Four of the past seven polls see the contest falling between two and six percentage points, which represents a notable improvement for Rep. Zeldin. With New York early voting not beginning until Oct. 29, this race’s patterns still have a significant period in which to firm.

The US HOUSE ReMatches

By Jim Ellis

Aug. 9, 2021 — Earlier this week, former Maine congressman, Bruce Poliquin (R), who lost his seat in 2018 through the Ranked Choice Voting system after placing first in the original count, declared his 2022 candidacy for a re-match with Rep. Jared Golden (D-Lewiston).

As we look toward the ’22 US House cycle, we see 13 close 2020 contenders (where the winner scored 52 percent or less) who have already announced that they will return for another run. Including Poliquin, only two of the 13 are former incumbents.

Below is a synopsis of the re-match races to date:

CA-25: Rep. Mike Garcia (R)

Former state Assemblywoman Christie Smith (D) has lost twice to Rep. Garcia but has announced a return for a third run after originally saying she would attempt to regain her seat in the state legislature. She will have competition in the June 7 jungle primary, however. Six other Democrats have declared their candidacies, and even resigned Rep. Katie Hill (D) has made noises about running again.

Redistricting will be a major factor in the outcome. The last race was decided by just 333 votes, so how the 2022 race forms next year is extremely uncertain.

CA-48: Rep. Michelle Steel (R)

Steel, a former Orange County Supervisor, defeated freshman Rep. Harley Rouda (D), 51-49 percent, in a coastal seat that had traditionally been strongly Republican. Redistricting will of course affect this district, like all others in southern California with the state losing a congressional seat for the first time in apportionment history, but Rouda is not waiting to view new boundary lines. He has already announced his return as a 2022 congressional candidate.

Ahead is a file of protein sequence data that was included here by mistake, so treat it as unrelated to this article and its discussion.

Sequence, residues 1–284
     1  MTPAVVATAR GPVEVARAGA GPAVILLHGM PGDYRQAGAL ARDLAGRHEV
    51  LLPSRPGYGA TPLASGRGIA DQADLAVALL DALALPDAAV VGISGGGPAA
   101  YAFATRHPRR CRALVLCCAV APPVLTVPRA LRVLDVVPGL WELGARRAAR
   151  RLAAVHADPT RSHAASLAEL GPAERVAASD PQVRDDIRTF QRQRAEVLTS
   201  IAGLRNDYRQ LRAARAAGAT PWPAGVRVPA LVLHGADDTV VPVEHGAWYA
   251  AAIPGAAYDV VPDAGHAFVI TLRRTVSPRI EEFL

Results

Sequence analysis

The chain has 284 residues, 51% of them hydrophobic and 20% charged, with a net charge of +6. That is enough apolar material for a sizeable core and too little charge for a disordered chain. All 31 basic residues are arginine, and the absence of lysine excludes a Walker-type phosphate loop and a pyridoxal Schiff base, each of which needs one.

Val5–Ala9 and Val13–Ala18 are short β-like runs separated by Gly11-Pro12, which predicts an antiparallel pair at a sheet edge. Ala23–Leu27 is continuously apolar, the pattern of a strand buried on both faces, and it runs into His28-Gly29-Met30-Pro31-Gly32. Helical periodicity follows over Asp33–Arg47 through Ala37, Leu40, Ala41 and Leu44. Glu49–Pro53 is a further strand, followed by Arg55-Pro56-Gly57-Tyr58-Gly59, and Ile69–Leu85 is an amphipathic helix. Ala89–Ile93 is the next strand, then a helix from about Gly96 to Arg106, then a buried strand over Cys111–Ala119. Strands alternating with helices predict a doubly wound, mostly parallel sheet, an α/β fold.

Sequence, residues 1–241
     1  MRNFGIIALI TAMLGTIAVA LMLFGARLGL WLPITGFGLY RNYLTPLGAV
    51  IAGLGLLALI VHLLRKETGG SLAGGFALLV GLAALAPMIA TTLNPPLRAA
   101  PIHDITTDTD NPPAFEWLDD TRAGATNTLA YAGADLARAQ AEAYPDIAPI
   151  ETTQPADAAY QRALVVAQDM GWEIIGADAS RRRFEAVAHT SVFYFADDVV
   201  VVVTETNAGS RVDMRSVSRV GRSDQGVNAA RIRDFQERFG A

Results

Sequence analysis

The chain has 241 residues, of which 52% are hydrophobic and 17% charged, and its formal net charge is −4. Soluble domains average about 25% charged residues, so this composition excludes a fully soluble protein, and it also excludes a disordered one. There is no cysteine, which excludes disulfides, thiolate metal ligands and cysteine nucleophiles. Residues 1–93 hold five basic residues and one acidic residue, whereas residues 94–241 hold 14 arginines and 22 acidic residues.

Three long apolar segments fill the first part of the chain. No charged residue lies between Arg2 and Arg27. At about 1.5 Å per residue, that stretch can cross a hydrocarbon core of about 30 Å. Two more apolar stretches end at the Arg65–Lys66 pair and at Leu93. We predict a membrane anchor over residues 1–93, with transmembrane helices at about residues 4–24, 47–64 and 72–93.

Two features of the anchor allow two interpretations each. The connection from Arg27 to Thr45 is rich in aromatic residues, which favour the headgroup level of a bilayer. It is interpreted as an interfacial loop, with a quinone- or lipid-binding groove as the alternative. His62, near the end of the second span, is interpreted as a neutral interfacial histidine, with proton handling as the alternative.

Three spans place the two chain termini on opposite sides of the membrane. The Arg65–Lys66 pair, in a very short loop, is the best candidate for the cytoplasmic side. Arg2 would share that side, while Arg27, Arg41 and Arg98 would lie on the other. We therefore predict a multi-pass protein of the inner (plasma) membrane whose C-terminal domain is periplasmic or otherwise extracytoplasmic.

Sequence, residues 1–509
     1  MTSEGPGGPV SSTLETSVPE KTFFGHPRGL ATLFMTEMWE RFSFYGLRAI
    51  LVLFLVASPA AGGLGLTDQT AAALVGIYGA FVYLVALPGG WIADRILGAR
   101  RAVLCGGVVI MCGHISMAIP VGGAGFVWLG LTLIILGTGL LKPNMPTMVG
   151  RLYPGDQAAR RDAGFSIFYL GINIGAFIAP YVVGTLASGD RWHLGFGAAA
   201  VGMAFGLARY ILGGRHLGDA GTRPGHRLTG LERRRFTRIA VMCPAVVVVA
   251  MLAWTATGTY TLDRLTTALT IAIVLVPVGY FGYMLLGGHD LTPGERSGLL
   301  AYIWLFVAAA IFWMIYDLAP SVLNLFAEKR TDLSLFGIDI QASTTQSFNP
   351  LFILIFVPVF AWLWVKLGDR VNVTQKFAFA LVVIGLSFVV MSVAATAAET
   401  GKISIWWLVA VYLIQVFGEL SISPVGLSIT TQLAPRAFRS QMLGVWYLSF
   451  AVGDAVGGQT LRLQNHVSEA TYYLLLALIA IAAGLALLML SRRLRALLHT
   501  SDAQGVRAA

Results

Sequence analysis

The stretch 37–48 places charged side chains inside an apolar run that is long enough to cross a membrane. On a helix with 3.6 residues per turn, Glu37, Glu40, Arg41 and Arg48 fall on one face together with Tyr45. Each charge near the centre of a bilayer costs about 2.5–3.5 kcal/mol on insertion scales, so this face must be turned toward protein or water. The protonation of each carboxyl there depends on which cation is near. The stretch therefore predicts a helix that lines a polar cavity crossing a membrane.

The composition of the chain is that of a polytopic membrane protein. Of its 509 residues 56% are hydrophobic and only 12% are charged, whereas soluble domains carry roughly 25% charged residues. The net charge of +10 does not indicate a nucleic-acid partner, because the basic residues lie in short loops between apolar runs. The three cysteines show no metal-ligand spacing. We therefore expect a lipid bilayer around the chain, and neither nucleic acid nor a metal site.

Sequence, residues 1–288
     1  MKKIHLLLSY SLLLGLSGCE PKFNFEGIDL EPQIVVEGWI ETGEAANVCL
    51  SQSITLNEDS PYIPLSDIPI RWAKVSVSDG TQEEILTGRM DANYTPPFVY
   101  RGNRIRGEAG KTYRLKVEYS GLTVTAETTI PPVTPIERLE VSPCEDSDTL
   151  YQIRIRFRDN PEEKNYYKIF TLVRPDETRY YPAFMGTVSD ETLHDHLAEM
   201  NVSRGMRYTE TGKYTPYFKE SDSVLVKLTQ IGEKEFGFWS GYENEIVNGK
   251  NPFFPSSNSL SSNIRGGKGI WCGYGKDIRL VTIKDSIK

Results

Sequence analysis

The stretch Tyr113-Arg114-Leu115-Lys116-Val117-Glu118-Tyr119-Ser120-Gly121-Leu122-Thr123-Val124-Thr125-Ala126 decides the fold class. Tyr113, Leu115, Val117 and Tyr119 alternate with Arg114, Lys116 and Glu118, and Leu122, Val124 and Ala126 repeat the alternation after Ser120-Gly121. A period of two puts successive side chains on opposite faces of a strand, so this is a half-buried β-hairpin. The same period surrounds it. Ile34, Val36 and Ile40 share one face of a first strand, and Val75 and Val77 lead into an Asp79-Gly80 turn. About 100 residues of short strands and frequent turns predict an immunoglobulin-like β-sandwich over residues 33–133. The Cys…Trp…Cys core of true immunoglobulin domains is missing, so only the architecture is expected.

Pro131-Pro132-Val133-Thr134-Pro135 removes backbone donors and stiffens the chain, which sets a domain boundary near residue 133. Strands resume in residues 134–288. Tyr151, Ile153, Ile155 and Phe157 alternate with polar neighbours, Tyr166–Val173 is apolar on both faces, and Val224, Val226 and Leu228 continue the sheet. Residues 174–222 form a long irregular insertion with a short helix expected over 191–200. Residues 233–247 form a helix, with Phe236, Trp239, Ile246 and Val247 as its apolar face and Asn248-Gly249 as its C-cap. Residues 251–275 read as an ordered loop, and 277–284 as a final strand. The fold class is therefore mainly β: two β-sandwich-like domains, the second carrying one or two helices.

GA-7: Rep. Carolyn Bourdeaux (D)

Expect redistricting to change this marginal political district in a major way. With Democrats converting two Atlanta suburban seats in consecutive elections, Republican map drawers are likely to concede one of the two CDs to the Democrats while making the other much better for a GOP candidate.

It is likely that Rep. Lucy McBath (D-Marietta) will be the Democratic beneficiary of the draw, while freshman Rep. Bourdeaux will probably be looking at a much more difficult new district for her to win. Republican nominee Rich McCormick, who lost here 51-49 percent in 2020, looks to be in strong position if the redistricting strategy outlined above is adopted.

ME-2: Rep. Jared Golden (D)

As mentioned above, former Rep. Poliquin is returning for a re-match after sitting out the 2020 cycle. Redistricting probably won’t change the 2nd District much since Maine only has two CDs. Ranked Choice Voting will still be an issue for the Republicans here, but the GOP is better equipped to deal with it in 2022. This will be a highly competitive campaign in one of just seven districts that supported former President Trump and elected a Democrat to the US House.

MN-2: Rep. Angie Craig (D)

Marine Corps Reserve officer Tyler Kistner (R) held Rep. Craig to only a 48-46 percent win last November and returns for a re-match. This is another situation where redistricting will play a major role. It is more than likely the split legislature will mold the two politically marginal adjacent southern Minnesota districts into safer seats for both Craig and Republican Rep. Jim Hagedorn (R-Blue Earth/Rochester). Such a draw would make Kistner’s 2022 task much more difficult.

NH-1: Rep. Chris Pappas (D)